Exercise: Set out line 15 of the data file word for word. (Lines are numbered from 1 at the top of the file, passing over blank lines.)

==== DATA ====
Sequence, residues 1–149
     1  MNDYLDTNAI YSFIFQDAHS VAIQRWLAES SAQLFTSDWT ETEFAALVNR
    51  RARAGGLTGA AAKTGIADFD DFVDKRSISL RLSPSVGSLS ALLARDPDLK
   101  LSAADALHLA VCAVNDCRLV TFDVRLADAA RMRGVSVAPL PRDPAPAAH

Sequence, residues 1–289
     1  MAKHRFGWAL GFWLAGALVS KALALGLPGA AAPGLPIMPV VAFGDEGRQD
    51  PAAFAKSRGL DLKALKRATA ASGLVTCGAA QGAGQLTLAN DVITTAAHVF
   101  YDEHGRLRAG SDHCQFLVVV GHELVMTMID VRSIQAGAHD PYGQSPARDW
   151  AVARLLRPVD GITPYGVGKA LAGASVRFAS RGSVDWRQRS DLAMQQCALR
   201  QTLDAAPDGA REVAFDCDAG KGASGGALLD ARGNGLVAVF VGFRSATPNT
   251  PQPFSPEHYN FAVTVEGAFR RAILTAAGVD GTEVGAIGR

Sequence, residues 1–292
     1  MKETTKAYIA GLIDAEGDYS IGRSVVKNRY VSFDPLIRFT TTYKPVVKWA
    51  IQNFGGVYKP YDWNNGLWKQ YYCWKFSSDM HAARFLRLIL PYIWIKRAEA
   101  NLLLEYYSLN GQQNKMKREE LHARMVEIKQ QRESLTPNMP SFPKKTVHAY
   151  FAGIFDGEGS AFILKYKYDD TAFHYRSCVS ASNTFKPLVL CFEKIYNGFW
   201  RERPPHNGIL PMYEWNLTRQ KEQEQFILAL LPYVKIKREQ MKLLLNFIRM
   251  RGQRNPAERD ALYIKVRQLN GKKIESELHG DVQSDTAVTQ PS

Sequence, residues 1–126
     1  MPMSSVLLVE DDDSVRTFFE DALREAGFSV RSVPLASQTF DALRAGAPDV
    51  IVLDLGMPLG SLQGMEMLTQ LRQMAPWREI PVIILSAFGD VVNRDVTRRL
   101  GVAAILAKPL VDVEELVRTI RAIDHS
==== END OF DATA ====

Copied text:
   101  NLLLEYYSLN GQQNKMKREE LHARMVEIKQ QRESLTPNMP SFPKKTVHAY